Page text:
Ige accused of trying to bring back ‘zombie bill’ on contentious water rights issue

Gov. David Ige presented his State of the State address Tuesday before Hawaii lawmakers....
Gov. David Ige presented his State of the State address Tuesday before Hawaii lawmakers. (Image: Hawaii News Now)
Updated: Apr. 18, 2019 at 4:29 PM HST
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HONOLULU (HawaiiNewsNow) - Gov. David Ige has taken the unusual step of asking lawmakers to revive a hotly-debated measure that many thought was dead for the session.

Known as the “water rights bill,” House Bill 1326 died in the state Senate and the deadline to revive it has passed.

The bill, which would extend temporary permits to divert water for farming, drinking and other uses, was one of the most contentious issues this session.

Many in the environmental and Native Hawaiian communities focused on the value of the bill to Alexander & Baldwin, which diverts more water than any other company in the state ― much of it to supply farm land in central Maui.

The governor’s administration says the bill does not only benefit Alexander & Baldwin, but it addresses the uncertainty for all water permit holders since their permits expire at the end of the year.

“Misinformation found its way into the public conversation and antagonism among law makers grew to the point that this important legislative measure was tabled,” Ige wrote, in a letter to lawmakers.

Accompanying the letter was a memo written by Ige’s administrative director Ford Fuchigamin, detailing what could happen to those with revocable water permits if the bill is not passed.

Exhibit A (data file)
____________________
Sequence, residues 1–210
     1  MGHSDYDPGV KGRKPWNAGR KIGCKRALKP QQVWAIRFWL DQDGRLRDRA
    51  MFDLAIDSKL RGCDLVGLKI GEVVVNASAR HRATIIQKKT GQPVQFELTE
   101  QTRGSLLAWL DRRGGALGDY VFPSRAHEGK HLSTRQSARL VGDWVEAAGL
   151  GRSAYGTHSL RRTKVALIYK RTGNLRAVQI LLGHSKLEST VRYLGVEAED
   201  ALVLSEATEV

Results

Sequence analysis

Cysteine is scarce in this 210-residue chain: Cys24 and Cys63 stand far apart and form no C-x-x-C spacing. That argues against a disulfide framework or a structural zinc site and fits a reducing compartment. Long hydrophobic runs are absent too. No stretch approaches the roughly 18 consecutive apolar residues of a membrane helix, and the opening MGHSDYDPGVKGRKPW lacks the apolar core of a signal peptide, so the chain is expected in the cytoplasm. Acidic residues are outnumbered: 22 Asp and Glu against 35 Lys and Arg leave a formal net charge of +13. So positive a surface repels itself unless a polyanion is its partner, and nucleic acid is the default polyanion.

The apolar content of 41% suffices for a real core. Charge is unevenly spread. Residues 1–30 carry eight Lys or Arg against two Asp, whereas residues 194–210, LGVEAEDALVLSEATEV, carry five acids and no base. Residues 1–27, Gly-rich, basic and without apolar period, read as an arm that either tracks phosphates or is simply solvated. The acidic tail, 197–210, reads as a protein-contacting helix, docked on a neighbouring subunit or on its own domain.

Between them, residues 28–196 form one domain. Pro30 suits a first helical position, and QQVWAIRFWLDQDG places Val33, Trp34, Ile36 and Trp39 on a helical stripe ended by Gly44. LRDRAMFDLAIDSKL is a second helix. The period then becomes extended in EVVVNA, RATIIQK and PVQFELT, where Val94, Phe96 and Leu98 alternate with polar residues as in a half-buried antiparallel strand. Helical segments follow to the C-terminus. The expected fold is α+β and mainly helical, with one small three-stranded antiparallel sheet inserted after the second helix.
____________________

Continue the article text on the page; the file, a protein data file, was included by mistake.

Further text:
Fuchigami says along with impacts to Alexander and Baldwin’s water supply, farmers and ranchers on Kauai and the Big Island would lose the majority of their water source necessary for operations, as well as drinking water.

He also claims the utilities on those islands would have to replace hydro-power with other sources, likely fossil fuels

The governor’s letter was dated Thursday, and got swift reaction.

Critics call the bill a “bailout” and said the governor’s letter was caving to pressure from A&B and others who are resisting restoring natural streams.

“It’s a complete failure of leadership and vision on part of the governor and the office," said Isaac Moriwake, managing attorney at Earthjustice.

“It’s supremely disappointing that he’s trying to resurrect this zombie bill that ultimately benefits Alexander & Baldwin.”

Marti Townsend, director for Sierra Club Hawaii, says the administration’s position is legally mistaken and based on a false premise that a 2016 Circuit Court ruling relating to A&B water permits also applies to the smaller companies.

“The administration taking this approach is just creating fear, unnecessary fear among these nine other revocable permit holders who are trying to get access to water for their farming operations, ranching, utilities, and it’s just not necessary to go there,” Townsend said.

But others say the bill is needed.

“I think it needs to get done, otherwise all our water permits are in jeopardy come the end of the year," said Randy Cabral, Hawaii Farm Bureau president.

“There’s no guarantee we can continue to take water lawfully.”

The House says it’s up to the Senate to decide to revive the bill.

Senate President Ronald Kouchi’s response to the issue: “We will continue communicating and working with the governor and the administration on addressing this issue."

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